Anton and Adnan installed the boattr microcomputer on Quintessence. Now there are two boattr boxes on the UK Waterways (Blue Morn & Quintessence). boattr runs on a beagle bone black.

The Construction of a Boattr Box


Powered Usb Hub for Beagle Bone Black

Another long term todo item ticked today. Adding a powered usb hub to brains , having only one port which was permanent taken by the 4g modem was not very helpful.

Now we can have 4g modem, 3g phone, usb interface for permanently connected stereo hydrophone, wireless and an external hard disk.

Our previous attempt to do so ended up with a fried hub , beaglebone and wireless dongle when accidentally wired the usb hub power to 12v instead of 5V.

Yesterday Anton popped to maplins and got a 4 port cerulian usb hub. Plugged it in and it didn’t work. Anton was very suprised that something as simple as a usb hub would not work. After searching on the internet Anton found that this is a known issue.

The solution is to open the hub and cut the red cable therefore stopping the hub from providing power to the beaglebone.

All working now it seems. Great stuff.

And the installation of the boattr box on Quintessence (using a beagle bone micromputer and a 4G phone, all connected over a USB hub and WiFi access point):

One Wire Network

With boattr we use Dallas 1-wire microlan for a network of temperature sensors. With this post we will make an attempt to document it. Not trying to explain what 1-wire is as it is documented elsewhere on the internet.

1-wire is a very simple communications protocol for sensors. The beaglebone black has two i2c devices ( /dev/i2c-0 and /dev/i2c-1 ) and we are using ‘/dev/i2c-1’. In order to get it to work we will have to add a custom device tree. We did this by reading this very helpfull blog post

For debian the dtc -O dtb -o BB-W1-00A0.dtbo -b 0 -@ BB-W1-00A0.dts command fails because a patch is missing. The easiest way to get around this is to download a patched version from here and use that instead.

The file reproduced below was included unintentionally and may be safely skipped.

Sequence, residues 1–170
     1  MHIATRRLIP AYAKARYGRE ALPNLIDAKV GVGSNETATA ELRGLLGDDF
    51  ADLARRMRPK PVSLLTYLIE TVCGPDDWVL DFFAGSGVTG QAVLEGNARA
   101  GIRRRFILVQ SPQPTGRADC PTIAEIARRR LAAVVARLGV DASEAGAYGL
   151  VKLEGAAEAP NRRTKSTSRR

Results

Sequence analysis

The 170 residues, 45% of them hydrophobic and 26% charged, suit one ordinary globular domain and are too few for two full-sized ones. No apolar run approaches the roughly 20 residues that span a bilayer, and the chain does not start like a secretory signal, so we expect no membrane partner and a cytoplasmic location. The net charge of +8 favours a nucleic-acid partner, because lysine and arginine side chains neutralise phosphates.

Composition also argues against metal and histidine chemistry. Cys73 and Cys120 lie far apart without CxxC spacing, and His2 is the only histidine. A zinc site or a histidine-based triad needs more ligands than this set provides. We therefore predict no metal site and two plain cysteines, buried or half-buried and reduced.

• Copy paste the code in the dts file
  • Compile with dtc command above
  • Copy resulting dtbo file to /lib/firmware
  • Add ‘’‘echo BB-W1:00A0 > /sys/devices/bone_capemgr.9/slots’‘’ to /etc/rc.local
  • Restart

( All the above should be done by puppet for boattr)

The information from the sensors appear in special files under /sys/bus/w1/devices/$ID/w1_slave. Reading /sys/bus/w1/devices/$ID/w1_slave gives as the temperature value in C.

Each sensor has a unique 64bit id that we can use to address it :



The temperature method looks like this :

def temperature(name,address)
  @name     = name
  @address  = address
  @basedir  = '/sys/bus/w1/devices/'
  if @@OWdevices.include?(@address) then
    file ="#{@basedir}/#{address}/w1_slave",'r')
    if file.readline().include?('YES') then ## Is CRC valid in the first line? lets read the second and extract the temp
      @temp = file.readline().split()[-1].split('=')[-1].to_i/1000.0
      return { 'name' => @name, 'address' => @address, 'type' => 'temp', 'value' => @temp.round(3) }


The sensor used is the DS18S20 datasheet.

Journal, Research

Blue Morn

As of today, our friend Anton owns a 50ft narrowboat called “Blue Morn”. She was build sometime in the mid 80s.


Computers’re bringing about a situation that’s like the invention of harmony. Sub-routines are like chords. No one would think of keeping a chord to himself. You’d give’t to anyone who wanted it.

(M, page 22)

Anton installed 2 more glands and painted the exposed metal with some hammerite. They are used to get cables out for sensors and a hydrophone at the moment.

The first of the three holes took 5 months to finish, the next two 20 minutes. Having the right tools help.